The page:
New Jersey Democrats on Friday continued their weeks-long crusade to push back against the national Republican tax overhaul, a plan that New Jersey Policy Perspective estimates would up taxes for middle-class and low-income New Jersey families but cut taxes for the wealthy and corporations.
Four of New Jersey’s top Democrats —Gov.-elect Phil Murphy, Sen. Bob Menendez, Sen. Cory Booker and Rep. Frank Pallone— participated in a telephone town hall on Friday to denounce the plan and discuss next steps for minimizing the impact on New Jersey families. The nonpartisan Congressional Budget Office estimates that the plan as passed in the Senate last week could spike the national deficit by over $1.4 trillion over the next ten years.
“This plan… would be an absolute disaster for New Jersey,” Murphy said.
The incoming governor will be sworn in on Jan. 16 and has said that he is not opposed to taking legal action against the federal government to prevent changes to the state and local tax (SALT) deduction, a popular program that many New Jersey families use to avoid paying property taxes twice, both locally and to the federal government. Murphy said that the plan is driven by efforts by President Trump and national Republicans to appeal to a wealthy donor base.
“This whole trickle down theory… never will work,” Murphy said. “If these corporations get a lower tax rate they will do one of two things, pay their executives more… or satisfy shareholders.”
The tax plan, which was passed in different versions by the House and Senate and now needs to be reconciled, could also see 340,000 more New Jersey residents without insurance by 2027, according to estimates from NJPP, a liberal think tank.
Menendez is one of seven Democratic senators that will be serving on the conference committee of the House and Senate that will negotiate the final version of the tax legislation. Menendez said that he will fight against the SALT gut and health care-related provisions of the bill that he claims will strip coverage from 13 million Americans. While there is some room for Democrats to negotiate, the final bill will likely favor national Republican interests since the GOP has the majority in both Houses of Congress.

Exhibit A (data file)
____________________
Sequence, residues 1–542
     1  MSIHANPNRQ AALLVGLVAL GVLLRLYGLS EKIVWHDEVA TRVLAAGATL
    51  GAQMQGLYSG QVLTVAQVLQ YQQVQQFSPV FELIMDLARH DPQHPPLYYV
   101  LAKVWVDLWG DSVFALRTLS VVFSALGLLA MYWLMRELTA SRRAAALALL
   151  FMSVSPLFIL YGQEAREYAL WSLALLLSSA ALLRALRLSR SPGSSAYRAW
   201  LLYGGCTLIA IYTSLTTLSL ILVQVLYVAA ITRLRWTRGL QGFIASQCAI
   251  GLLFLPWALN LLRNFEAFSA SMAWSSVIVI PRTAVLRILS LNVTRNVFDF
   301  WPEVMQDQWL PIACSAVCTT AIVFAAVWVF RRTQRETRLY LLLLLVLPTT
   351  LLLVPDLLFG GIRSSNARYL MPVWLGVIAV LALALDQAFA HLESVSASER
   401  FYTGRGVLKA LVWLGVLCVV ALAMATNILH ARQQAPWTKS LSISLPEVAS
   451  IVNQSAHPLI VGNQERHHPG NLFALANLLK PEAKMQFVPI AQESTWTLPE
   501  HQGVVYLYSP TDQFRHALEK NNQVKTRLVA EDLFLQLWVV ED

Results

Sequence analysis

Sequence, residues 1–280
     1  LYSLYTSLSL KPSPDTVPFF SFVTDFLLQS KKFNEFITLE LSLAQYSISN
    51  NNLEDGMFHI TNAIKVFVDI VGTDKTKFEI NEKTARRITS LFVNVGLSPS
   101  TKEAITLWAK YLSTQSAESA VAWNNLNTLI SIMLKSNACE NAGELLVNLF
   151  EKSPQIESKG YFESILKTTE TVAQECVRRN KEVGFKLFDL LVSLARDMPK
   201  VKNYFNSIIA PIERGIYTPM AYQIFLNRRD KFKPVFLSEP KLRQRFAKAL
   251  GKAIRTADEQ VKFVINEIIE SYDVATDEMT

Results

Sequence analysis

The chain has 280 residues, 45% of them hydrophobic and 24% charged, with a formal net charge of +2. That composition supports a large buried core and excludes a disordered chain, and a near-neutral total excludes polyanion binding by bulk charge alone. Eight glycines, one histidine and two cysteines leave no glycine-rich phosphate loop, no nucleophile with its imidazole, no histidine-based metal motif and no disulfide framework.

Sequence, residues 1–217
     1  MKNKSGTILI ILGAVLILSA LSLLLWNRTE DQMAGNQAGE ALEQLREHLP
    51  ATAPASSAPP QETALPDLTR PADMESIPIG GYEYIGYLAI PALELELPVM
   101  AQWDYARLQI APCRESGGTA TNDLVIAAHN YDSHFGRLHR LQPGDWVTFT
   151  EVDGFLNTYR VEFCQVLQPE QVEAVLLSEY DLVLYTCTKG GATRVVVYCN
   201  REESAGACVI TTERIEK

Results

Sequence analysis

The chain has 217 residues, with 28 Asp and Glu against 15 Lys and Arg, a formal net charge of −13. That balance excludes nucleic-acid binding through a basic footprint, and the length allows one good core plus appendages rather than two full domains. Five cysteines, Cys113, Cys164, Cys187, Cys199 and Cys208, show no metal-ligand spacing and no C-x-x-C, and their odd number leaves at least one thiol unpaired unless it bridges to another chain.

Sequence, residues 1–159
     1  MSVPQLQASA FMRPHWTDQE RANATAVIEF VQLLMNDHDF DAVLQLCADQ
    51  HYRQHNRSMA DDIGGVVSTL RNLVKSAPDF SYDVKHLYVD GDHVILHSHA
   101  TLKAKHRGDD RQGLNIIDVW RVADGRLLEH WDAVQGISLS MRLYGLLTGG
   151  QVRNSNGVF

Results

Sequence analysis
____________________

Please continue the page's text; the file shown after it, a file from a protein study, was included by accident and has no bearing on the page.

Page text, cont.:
“This is an all hands on deck situation. I think Republicans are desperate to give President Trump a win even if it means passing a bill that is overall bad for the American people,” Menendez said on Friday. “I know that my fellow Democrats that I have spoken to on the conference committee and I are demanding that the process be open to the public.”
Booker and Menendez have both advocated that Republican House members from blue states can work to keep the SALT deduction in place. On Friday, Booker called on majority members from high-cost states to step up and protect those deductions, noting that states like New Jersey send significantly more in tax dollars to the federal government than are returned with federal programs.
“The elimination of the state and local tax deduction is like taking a baseball bat to the knees of our economy,” Booker said, noting that he recently spoke with a California official who agrees that the plan could cripple the state. “This is really a tax bill that is something we should all be against.”
Only one member of New Jersey’s congressional delegation —Rep. Tom MacArthur (R-3)— voted in favor of the House GOP tax bill. MacArthur has said that the House plan’s to limit the SALT deduction to $10,000 is a significant enough offset to support the plan. The four other Republican House members from New Jersey all oppose the legislation. Rep. Leonard Lance (R-7) has spearheaded a continuing effort with Democratic Rep. Josh Gottheimer (D-5) to keep SALT in place, introducing legislation to protect the deduction.
But, according to Pallone (D-6), more needs to be done by his fellow House members, especially those from areas that will be heavily impacted.
“I think that (Reps.) Chris Smith, Leonard Lance and Frank LoBiondo are there saying that they are going to vote against this and have,” Pallone said, noting that he has concerns regarding MacArthur and Rep. Rodney Frelinghuysen (R-11), a no vote last time. But Frelinghuysen is the chair of the powerful House Appropriations Committee and Pallone said that the position comes with significant “pressure.” He urged constituents to call both and increase pressure on GOP representatives and drive no votes on the final version of the bill.
Friday’s town hall call was a coordinated effort with NJPP and New Jersey Working Families Alliance.